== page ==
Mary El Tarot - The Tens

Bat Chicken

The Mary El Tens are once again a single theme.

They appear to be the Four horsemen of the Apocalypse from the Book of Revelations – The white, the black, the red and the pale horse: Victory/Conquest, Death, Famine and War. Two of the cards are in daylight, the other two in darkness – with either a full of waxing crescent. The Tens are Malkuth – the material bottom of the Tree of Life. More on the individual cards!


Mary-el: The Four Horsemen of the Apocalypse

The Four Horsemen of the Apocalypse.

I am learning here, and typing my experiences as I learn, as I do not know much about the Four Horsemen. I hope that what I learn might help someone else.

The 10 of Wands shows a Pale Horse. (As an aside, Clint Eastwood rode a pale horse in Pale Rider) ... this pale horse represents Death.

It is noted that in the book of Revelations, out of the Four Horsemen, this is the only horse that is actually named (Death).

The others, while they have been given names, aren't specifically named in the text.

Quoting from wikipedia:

"When the Lamb opened the fourth seal, I heard the voice of the fourth living creature say, "Come and see!" I looked and there before me was a pale horse! Its rider was named Death, and Hades was following close behind him. They were given power over a fourth of the earth to kill by sword, famine and plague, and by the wild beasts of the earth." --Revelation 6:7-8 NIV (NIV = New International Version bible)


Ten of Swords

Shows a white horse and a black horse.

Wikipedia talks about a white horse as both evil and good.

Quoting this Bible verse:

"I watched as the Lamb opened the first of the seven seals. Then I heard one of the four living creatures say in a voice like thunder, "Come and see!" I looked, and there before me was a white horse! Its rider held a bow, and he was given a crown, and he rode out as a conqueror bent on conquest." --Revelation 6:1-2 NIV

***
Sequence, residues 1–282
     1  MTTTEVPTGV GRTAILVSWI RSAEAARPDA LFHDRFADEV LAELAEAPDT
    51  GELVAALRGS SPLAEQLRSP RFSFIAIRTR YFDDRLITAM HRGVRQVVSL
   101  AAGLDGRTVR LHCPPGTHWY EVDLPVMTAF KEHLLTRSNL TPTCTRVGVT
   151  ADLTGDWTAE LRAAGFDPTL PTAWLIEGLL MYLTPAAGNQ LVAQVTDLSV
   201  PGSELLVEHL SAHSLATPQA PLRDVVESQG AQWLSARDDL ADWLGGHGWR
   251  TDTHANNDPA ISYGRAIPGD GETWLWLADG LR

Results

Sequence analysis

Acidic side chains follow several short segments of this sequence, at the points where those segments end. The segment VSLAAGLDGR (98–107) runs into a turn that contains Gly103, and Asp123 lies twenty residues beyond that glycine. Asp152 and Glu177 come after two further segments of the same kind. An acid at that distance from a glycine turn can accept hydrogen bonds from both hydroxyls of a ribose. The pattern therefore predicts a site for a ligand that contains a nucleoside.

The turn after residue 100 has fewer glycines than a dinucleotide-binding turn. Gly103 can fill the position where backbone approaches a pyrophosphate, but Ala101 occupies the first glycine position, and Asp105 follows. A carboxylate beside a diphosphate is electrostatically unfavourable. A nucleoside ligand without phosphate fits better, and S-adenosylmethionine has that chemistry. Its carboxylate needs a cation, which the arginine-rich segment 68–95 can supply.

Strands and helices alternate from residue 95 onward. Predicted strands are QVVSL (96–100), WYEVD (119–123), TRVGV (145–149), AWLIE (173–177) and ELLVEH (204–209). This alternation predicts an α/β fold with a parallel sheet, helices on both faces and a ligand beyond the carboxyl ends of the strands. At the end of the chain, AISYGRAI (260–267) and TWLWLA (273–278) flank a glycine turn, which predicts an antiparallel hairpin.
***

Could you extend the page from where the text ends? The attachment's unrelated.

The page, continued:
As evil, "conquest" as in "military conquest" is mentioned, although "conquest" could also apply. Destructive forces are also mentioned.

As good, and this depends on one's spiritual beliefs (I myself being of the agnostic/atheist sort) it speaks of this horse depicting the Holy Spirit. A more widespread meaning might be righteousness.

See the Ten of Disks for the meaning of the Black Horse.

The presence of two horses in the card to me indicate a duality of some sort.

Plus the presence of the white horse, with two opposing meanings, one good and one evil, indicates a duality.


Ten of Cups

This is another unnamed horse. (not named in the Bible verse)

The horse is the Red horse, meaning War, although war is not specifically "named" in the verse, although the meaning is clear:

"When the Lamb opened the second seal, I heard the second living creature say, "Come and see!" Then another horse came out, a fiery red one. Its rider was given power to take peace from the earth and to make men slay each other. To him was given a large sword." -- Revelation 6:3-4 NIV

The color red suggests blood that is to be spilled, according to wikipedia.


Ten of Disks

The Black Horse